User Determined Computing

I’m not sure it’s a new phenomenon, but Accenture reckons it is: employees are more tech savvy than the companies they work for and are demanding their workplace catches up.

A new study by Accenture to be released next week (no link available yet; based on a PR pitch that mentions no embargo) will say that until recently all the most advancted networks and communication devices were at the office. Now they’re at home. The company calls it “user-determined computing”:

Today, home technology has outpaced enterprise technology, leaving employees frustrated by the inadequacy of the technology they use at work.  As a result, employees are demanding more because of their ever-increasing familiarity and comfort level with technology. It’s an emerging phenomenon Accenture has called “user-determined computing.”

The global study of more than 300 Chief Information Officers (CIOs) will argue that “executive and technology leaders are undertaking superficial improvements in their information technology systems rather than making fundamental changes to meet the growing demands of users.” The research will show that the high performing companies are those that are deploying the new technologies.

So far so good (and until we see the report that’s all we’ve got for detail.) I’d argue that this disconnect has existed for years and only been exacerbated by the rise of Web 2.0. But I’m a little less sure of Accenture’s argument when it says that it has launched an internal initiative of its own — what it’s rather lamely calling “Collaboration 2.0”, which involves

rolling out enhanced search capabilities, high-definition and desktop video conferencing solutions, unified messaging, and people pages (similar to personal pages on social networking sites).

A good enough start, I guess, but hardly an office revolution. And I think the term “user-determined” is misleading; it sounds as if users actually have a say in what computers, communications and software they use. Even Accenture’s own Collaboration 2.0 doesn’t sound as if that’s the case. “User-influenced”, maybe.

What do I think? I believe that most companies’ internal software systems need a major more radical overhaul — of five media companies I have had dealings with recently, one still uses the same editing software it had in place more than 10 years ago, another uses a system that has no major changes to its interface since the early 1990s, and another uses DOS WordStar.

I believe that companies need to be more flexible about how/where/when their workers work. The when and where is being addressed with telecommuting and flexible hours. But I also think that workers should be free to use everything that Web 2.0 has to offer — collaboration tools like stuff from 37Signals, Google Apps, Skype, their own hardware, whatever it takes. I know there are security and legal issues involved, but, let’s face it, what worker doesn’t use their own instant messaging program, log into Gmail on their office computer and other “illegal” moves inside the enterprise?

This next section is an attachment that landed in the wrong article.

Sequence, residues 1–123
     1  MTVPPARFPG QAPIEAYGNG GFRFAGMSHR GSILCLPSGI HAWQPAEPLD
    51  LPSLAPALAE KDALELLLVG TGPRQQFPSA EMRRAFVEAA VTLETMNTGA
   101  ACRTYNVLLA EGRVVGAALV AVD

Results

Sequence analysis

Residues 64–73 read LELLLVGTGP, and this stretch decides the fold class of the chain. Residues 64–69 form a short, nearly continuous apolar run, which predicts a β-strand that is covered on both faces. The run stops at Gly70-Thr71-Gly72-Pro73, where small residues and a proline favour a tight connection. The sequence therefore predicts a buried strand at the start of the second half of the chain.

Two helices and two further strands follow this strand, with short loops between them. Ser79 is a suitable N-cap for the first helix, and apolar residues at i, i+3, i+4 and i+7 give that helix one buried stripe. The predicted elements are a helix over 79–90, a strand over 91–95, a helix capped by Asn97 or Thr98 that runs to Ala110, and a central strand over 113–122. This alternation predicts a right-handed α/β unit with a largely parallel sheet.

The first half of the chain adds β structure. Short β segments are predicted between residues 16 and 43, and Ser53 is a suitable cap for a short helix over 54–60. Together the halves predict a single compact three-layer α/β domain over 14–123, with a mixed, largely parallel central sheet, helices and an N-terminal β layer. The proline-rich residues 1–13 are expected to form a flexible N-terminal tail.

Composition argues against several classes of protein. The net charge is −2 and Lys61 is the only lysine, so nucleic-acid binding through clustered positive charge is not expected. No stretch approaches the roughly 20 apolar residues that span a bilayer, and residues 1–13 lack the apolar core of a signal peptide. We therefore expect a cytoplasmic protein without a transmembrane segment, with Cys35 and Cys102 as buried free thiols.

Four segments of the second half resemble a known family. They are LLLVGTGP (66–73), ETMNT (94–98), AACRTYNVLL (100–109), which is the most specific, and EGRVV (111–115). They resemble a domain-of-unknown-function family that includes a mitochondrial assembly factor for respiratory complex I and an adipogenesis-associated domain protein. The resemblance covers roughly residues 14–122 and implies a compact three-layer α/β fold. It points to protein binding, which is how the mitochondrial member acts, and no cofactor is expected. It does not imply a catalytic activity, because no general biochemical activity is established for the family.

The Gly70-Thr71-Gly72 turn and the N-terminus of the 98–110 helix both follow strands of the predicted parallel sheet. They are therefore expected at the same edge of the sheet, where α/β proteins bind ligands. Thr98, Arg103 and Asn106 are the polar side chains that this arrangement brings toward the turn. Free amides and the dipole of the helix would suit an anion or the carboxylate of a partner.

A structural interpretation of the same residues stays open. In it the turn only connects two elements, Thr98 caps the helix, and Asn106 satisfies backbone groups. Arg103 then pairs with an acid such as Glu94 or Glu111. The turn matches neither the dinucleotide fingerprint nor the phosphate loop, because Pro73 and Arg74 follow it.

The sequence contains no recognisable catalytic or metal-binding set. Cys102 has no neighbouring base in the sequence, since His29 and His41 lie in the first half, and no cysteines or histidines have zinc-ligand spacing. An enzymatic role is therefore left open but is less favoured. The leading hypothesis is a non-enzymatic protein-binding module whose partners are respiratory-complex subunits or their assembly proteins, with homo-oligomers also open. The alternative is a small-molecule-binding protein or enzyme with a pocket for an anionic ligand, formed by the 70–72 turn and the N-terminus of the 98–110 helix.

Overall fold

It’s time to let the worker work as s/he wants. If Accenture has spotted anything, it’s probably that the most productive workers are independent workers — those who set up their own systems so they’re not dependent on and held back by their employer. If that’s true, then the logical conclusion is that those employees are probably not employees anymore, but have struck out on their own either as consultants, freelancers or hitched their wagons to smaller, leaner and more flexible startups.

PS I wasn’t hugely impressed with Accenture’s own website, which didn’t comply with the most basic standards of Web 2.0. For one thing, it’s Flash-based, with no options for a quicker loading, HTML version. And the Flash doesn’t load quickly:

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Secondly, a pop-up window greets you on your immediate arrival requesting your participation in a survey:

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Not a good start.

The Ugly Instant Messenger

I’m a big fan of Trillian, the IM aggregator, but I had to download and install AIM, AOL’s Instant Messenger last night for an abortive video conference. Sheesh, what a monster it is (AIM, not the conference). Do AOL and the other biggies still not get it?

For sure, Trillian is something of a parasite. It piggybacks other free instant chat services and makes money off them. But it does it very, very well: The Trillian interface, whatever the skin you put on it, is a masterpiece of simplicity, understatement and intuitiveness. Compare it with AIM or ICQ (both owned by AOL) which are behemoths, and, in the case of ICQ, an embarrassingly bloated caricature of the old Elvis Presley. (ICQ is now available in a ‘Lite’ version which supposedly sheds most of the rubbish, but it’s still ugly.)  

What’s more, AIM is intrusive. It loads on start-up without asking; it loads (painfully slowly) an ad-window, and it leaves icons trailing like empty beer cans behind a truck. I had to look closely at the contact window past all the ads and hernia-inducing graphics to find out who was an online buddy and who was an ad. Yuck.

I know these guys need to make money. But they don’t have to hoodwink users and bombard them with rubbish to do it. And they have all their priorities skewed anyway. Instead of trying to load these programs with silly extras and ads, they should be working on interoperability: The business model will start to come once all these services can hook up with each other. For now I’m sticking with Trillian, knowing I can talk to anyone I want in the same list. After a while you don’t even notice which service they’re using. How about that for branding?